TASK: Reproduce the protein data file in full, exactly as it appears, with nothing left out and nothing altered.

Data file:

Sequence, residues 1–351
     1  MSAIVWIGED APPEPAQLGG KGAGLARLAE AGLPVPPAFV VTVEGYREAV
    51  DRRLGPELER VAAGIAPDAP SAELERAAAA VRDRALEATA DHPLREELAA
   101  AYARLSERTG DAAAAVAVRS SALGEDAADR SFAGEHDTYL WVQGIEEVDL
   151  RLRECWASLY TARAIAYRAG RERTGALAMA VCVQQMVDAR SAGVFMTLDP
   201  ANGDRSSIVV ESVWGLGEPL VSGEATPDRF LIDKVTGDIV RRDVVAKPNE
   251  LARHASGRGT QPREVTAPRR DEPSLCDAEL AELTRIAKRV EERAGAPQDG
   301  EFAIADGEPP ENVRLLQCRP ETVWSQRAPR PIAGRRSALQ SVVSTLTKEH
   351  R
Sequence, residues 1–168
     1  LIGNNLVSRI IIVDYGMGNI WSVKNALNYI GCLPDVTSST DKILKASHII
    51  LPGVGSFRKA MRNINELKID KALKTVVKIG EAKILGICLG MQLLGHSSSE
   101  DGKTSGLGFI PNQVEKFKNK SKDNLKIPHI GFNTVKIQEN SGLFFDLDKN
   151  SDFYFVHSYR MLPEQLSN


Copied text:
Sequence, residues 1–351
     1  MSAIVWIGED APPEPAQLGG KGAGLARLAE AGLPVPPAFV VTVEGYREAV
    51  DRRLGPELER VAAGIAPDAP SAELERAAAA VRDRALEATA DHPLREELAA
   101  AYARLSERTG DAAAAVAVRS SALGEDAADR SFAGEHDTYL WVQGIEEVDL
   151  RLRECWASLY TARAIAYRAG RERTGALAMA VCVQQMVDAR SAGVFMTLDP
   201  ANGDRSSIVV ESVWGLGEPL VSGEATPDRF LIDKVTGDIV RRDVVAKPNE
   251  LARHASGRGT QPREVTAPRR DEPSLCDAEL AELTRIAKRV EERAGAPQDG
   301  EFAIADGEPP ENVRLLQCRP ETVWSQRAPR PIAGRRSALQ SVVSTLTKEH
   351  R
Sequence, residues 1–168
     1  LIGNNLVSRI IIVDYGMGNI WSVKNALNYI GCLPDVTSST DKILKASHII
    51  LPGVGSFRKA MRNINELKID KALKTVVKIG EAKILGICLG MQLLGHSSSE
   101  DGKTSGLGFI PNQVEKFKNK SKDNLKIPHI GFNTVKIQEN SGLFFDLDKN
   151  SDFYFVHSYR MLPEQLSN